A Judicial Opinion on the National Forests Act

The recent high court decision on an application to remove ten milkwood trees from a property in the case of Nanaga Property Trust v Director-General of the Department of Agriculture, Forestry and Fisheries and others ((4689/2014) [2016] ZAECGHC 18 (16 February 2016)), is legally unremarkable yet at the same time highly informative.

The case is unremarkable in the way that court applied the principles of the Promotion of Administrative Justice Act No 3 of 2000 (PAJA) when setting aside a decision taken by the Department of Agriculture, Forestry and Fisheries (DAFF) to refuse an application to remove trees because the decision maker lacked the required authority.

The court, however, went a bit further in its judgement, and Hartle J took the opportunity to express an opinion on how the National Forests Act, No 84 of 1998 (National Forests Act) should be interpreted and applied in the future by DAFF. This was only an opinion (an obiter dictum) and is not binding on the department or on any court in the future, but the opinion could still be useful when assessing similar situations that could arise in the future.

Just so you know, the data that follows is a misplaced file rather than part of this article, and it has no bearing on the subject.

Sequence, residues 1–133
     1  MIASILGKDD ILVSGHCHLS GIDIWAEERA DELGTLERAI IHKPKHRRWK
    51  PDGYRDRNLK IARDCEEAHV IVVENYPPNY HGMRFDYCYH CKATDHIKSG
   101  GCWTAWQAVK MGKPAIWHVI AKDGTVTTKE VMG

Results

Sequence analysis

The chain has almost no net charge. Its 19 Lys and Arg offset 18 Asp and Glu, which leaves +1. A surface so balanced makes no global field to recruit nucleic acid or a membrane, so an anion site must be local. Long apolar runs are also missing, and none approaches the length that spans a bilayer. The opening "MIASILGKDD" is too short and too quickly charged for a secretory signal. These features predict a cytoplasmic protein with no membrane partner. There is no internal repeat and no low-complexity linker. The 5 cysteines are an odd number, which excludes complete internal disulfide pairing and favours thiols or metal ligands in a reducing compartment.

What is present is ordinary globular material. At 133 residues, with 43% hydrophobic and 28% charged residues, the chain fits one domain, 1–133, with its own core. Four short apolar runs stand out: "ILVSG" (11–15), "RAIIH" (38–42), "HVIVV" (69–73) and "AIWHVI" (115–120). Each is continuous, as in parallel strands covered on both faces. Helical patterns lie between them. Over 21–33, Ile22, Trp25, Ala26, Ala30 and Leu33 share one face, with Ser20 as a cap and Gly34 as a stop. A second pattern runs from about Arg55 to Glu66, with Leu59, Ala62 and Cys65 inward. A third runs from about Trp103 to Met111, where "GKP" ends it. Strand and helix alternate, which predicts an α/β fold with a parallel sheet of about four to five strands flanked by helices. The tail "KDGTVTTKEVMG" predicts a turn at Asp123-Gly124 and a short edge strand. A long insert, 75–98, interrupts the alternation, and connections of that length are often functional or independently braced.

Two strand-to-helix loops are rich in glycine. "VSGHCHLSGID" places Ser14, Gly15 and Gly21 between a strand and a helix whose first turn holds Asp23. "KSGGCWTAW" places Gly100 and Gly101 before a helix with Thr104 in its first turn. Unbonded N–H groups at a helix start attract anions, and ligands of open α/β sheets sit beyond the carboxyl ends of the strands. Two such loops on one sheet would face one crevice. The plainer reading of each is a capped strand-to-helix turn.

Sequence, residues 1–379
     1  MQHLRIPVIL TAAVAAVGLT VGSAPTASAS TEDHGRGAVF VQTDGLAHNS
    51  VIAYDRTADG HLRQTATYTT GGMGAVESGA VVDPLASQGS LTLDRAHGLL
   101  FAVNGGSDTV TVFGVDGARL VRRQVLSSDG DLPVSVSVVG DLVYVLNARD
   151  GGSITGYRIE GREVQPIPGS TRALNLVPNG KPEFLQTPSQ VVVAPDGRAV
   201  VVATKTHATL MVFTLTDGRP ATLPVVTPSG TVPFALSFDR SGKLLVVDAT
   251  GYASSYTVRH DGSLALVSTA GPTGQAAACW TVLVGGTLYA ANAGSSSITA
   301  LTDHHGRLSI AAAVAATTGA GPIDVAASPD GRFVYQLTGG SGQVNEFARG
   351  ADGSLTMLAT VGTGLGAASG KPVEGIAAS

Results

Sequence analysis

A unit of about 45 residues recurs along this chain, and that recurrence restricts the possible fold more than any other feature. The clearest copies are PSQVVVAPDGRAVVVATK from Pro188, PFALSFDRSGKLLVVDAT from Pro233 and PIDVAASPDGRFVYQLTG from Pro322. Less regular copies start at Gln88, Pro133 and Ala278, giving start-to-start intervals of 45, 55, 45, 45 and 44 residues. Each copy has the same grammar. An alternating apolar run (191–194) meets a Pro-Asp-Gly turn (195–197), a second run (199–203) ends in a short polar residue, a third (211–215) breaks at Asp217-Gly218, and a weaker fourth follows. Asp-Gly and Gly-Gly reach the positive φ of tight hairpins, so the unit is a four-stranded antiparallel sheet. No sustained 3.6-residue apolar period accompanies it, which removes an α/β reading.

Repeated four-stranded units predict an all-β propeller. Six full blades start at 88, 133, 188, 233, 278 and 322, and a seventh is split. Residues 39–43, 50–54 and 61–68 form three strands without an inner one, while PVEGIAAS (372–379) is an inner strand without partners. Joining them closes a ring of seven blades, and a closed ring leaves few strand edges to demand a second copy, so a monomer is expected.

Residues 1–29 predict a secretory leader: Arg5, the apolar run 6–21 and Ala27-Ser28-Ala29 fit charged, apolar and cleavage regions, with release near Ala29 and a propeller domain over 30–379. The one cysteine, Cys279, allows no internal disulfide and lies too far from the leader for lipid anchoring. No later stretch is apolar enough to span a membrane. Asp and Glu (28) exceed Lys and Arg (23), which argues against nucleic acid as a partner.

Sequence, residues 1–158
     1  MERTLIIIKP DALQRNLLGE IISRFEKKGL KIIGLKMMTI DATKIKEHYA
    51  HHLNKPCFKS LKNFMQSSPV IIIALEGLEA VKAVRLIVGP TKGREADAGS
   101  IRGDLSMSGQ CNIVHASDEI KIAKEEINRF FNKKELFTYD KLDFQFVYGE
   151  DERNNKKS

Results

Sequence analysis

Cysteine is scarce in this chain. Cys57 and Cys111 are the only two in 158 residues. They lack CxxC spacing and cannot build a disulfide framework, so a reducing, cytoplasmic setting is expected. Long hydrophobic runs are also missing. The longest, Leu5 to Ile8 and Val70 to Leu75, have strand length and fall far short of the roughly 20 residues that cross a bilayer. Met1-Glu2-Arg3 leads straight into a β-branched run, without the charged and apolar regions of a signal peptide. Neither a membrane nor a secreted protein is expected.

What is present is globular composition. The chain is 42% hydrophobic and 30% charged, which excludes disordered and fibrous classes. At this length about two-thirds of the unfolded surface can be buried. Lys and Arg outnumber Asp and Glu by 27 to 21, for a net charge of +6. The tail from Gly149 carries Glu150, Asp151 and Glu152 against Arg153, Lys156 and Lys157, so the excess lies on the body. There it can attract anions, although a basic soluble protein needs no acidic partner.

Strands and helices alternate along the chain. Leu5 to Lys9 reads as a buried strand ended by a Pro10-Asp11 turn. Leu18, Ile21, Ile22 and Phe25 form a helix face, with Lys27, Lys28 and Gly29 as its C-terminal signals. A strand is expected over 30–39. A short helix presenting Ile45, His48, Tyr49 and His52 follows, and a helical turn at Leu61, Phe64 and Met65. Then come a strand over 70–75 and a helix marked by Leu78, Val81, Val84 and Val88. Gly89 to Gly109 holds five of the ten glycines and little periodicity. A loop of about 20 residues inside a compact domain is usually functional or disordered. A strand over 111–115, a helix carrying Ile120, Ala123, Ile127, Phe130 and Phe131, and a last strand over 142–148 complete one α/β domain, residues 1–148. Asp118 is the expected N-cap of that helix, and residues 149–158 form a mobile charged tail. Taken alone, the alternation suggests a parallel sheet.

The facts

The Nanaga Property Trust (trust) owned property at Kempton on Sea that was zoned for single residential use. The trust wanted to develop the property further and extend the modest residence that was situated on the property.

The trust submitted building plans to the local municipality, which approved the plans subject to the trust complying with the applicable provisions of the National Forests Act, expressed as follows:

[P]lease note, the National Forests Act (NFA) / Environmental Conservation Act (ECA) applies – it is up to each property owner to ensure that they familiarise themselves and comply with the provisions of the act prior to the clearing of any indigenous vegetation / tress (milkwoods etc.) The necessary permits can be obtained by filing in an application form at our Department … “.

The trust, assisted by its architect, contacted DAFF and was assisted by Ms Layini, a forester, who sent them what was believed to be the correct application form. The application form that was submitted by the trust was, however, incorrect because it was an application for a licence involving trees in a natural forest in terms of section 7 of the National Forests Act, and not the required application for a licence involving protected trees in terms of section 15.

A site inspection of the property was conducted by DAFF, and afterwards the application was refused. The refusal was conveyed through a letter received from Ms Layini. The reason given for the refusal was that: